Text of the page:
I have a name and SSN from an SSDI record page on Ancestry, and the date is the same as the person I'm seeking. Since she died in Utah, I wanted to verify, if possible, that this indeed is the same person who emigrated from Canada and was married in Massachusetts.

I looked at the NUMIDENT database at NARA's AAD, entered the SSN with no results, then tried using the name Jessie Warning, with and without birth date, but none of the searches yielded any results.

I do understand that some applications may not be available, but shouldn't the SSN or name yield some type of record?

This is the SSDI record page as it appears on Ancestry.

Name: Jessie Warning 
Social Security Number:   529-03-9342 
Birth Date:   2 Nov 1885 
Issue year:   Before 1951 
Issue State:  Utah 
Last Residence:   84067, Roy, Weber, Utah, USA 
Death Date:   Aug 1970

1 Answer 1


The FAQ for NARA's NUMIDENT database says:

I.7. What are some of the limitations of the NUMIDENT Records?

The Application (SS-5) Files do not include records of all social security applications between 1936 and 2007.

  • Between 1973 and 1979, the Social Security Administration converted legacy SS-5 records to the NUMIDENT electronic database. Information on applications prior to 1973 may be incomplete.

(emphasis mine)

The FAQ also says:

There are only Application (SS-5) records for verified deceased individuals or those born prior to 1908.

Since your person was born prior to 1908, it's reasonable to expect that the application would be in the database. However, the bullet point immediately above tells us that there are coverage issues before 1973.

It's also possible that someone who entered legacy SS-5s into the NUMIDENT database mis-transcribed or misread the name on the application form, so the application is under a name variant you didn't try. Searching by SSN should find any matching records but my experience is that searching by SSN (especially on Ancestry) doesn't always work.


Ancestry's FAQ says:

Last Residence Location

The Last Residence is the place where the person was last known to be living when the benefit was applied for.

This is what is supposed to be in the Last Residence field. Sometimes people doing data entry put information into the wrong fields. The Last Benefit is supposed to be "The [address] of either the Last Residence or the Lump Sum Payment." The Last Benefit address might be the address of a family member who lived at a different address. Keep in mind that if a data entry person accidentally entered the Last Benefit into the Last Residence field, or the website where you're viewing the data extracted the information from the Death Master File incorrectly, the Last Residence might be the City/State/ZIP of a family member instead of the deceased.

Assuming that the information in Ancestry's SSDI is accurate, we can see (working backwards in time):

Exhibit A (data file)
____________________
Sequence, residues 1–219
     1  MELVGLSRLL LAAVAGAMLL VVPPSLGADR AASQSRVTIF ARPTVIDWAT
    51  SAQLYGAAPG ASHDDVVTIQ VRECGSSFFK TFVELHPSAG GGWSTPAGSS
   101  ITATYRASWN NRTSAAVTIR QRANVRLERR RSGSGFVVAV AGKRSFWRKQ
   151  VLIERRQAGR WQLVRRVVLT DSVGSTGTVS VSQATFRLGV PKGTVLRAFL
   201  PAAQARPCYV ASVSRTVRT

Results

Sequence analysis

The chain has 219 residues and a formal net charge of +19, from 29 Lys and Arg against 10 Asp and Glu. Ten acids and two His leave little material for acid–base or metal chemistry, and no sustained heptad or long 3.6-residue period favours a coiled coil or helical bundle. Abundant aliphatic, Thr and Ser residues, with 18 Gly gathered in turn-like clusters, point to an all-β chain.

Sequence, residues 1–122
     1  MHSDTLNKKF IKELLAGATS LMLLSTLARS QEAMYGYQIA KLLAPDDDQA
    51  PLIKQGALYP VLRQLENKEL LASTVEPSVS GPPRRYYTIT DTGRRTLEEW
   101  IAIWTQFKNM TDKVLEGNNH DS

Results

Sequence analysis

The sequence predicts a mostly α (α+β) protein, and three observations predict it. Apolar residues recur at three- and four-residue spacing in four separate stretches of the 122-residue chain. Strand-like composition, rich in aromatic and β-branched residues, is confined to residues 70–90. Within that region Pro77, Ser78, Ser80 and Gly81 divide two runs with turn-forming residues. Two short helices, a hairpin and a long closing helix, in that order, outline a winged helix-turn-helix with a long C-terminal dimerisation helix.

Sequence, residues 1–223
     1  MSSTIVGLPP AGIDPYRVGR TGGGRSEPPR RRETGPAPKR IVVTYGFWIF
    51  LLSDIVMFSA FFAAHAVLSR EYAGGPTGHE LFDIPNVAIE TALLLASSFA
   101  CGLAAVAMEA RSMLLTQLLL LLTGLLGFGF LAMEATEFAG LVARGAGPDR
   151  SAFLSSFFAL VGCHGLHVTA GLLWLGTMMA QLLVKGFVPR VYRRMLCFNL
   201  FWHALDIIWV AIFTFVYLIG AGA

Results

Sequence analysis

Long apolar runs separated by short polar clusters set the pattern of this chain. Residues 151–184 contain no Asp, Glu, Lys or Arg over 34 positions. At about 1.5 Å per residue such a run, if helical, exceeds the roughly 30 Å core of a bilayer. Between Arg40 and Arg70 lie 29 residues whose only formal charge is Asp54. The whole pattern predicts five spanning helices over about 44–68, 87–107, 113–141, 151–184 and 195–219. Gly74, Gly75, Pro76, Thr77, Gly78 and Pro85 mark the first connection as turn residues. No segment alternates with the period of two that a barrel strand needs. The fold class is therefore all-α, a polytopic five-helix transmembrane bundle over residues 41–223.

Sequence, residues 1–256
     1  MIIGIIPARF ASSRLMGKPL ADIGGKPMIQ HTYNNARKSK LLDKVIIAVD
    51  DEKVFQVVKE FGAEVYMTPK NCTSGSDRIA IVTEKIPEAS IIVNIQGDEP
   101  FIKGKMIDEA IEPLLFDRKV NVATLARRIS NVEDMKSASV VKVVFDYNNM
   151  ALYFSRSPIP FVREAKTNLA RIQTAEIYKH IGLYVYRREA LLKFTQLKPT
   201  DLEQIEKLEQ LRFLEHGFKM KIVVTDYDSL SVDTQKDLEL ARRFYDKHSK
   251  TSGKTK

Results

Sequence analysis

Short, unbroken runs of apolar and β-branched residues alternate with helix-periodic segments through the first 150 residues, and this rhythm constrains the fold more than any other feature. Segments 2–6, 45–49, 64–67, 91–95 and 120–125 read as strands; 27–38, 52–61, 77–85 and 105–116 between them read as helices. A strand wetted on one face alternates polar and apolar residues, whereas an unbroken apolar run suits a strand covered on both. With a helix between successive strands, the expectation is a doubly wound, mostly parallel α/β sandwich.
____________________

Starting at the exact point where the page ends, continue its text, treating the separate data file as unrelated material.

• The person died in Aug 1970
  • The last known residence was in Utah
  • The application for the SSN was made via an office in Utah (it may mean, but isn't a guarantee, that the applicant lived in Utah)
  • An applicant who applied in 1945 (to pick an arbitrary date) would have been around sixty years old.

To determine if this were the right person, I would try to establish their timeline -- when they married in Massachusetts, when they moved to Utah, etc. from other sources (including historical newspapers).

Related questions/answers:

Other resources:

Possible future research:

The non-profit organization Reclaim the Records has made a records request via FOIA for a copy of the NUMIDENT SS-5 files and the NUMIDENT claim records files, requesting copies of the records "up to the present day, or as recently as is available."

Their page about the request says:

The current estimated completion date for this request is July 13, 2018. We’ll update this page as the situation changes.

Even if the data is the same as the NUMIDENT files offered by NARA's AAD, it will still be valuable to have another way of searching these records.

  • With all of that taken into consideration, how is the SSDI record created? If there is a record--and in this case there is--how can it not cross-match with data in the NARA database? This is what has me baffled.
    – Joy
    Commented Jan 3, 2020 at 2:44
  • @Joy The SSDI that we see in the public is a subset of the Social Security Administration's Death Master File. The death files in NARA'S NUMIDENT database is also a subset of the death records held by the Social Security Administration. There's no guarantee that those two subsets overlap by 100%. All I can suggest is that you read the FAQ very carefully and then ask NARA by posting on History Hub or by emailing them via [email protected].
    – Jan Murphy
    Commented Jan 3, 2020 at 3:17

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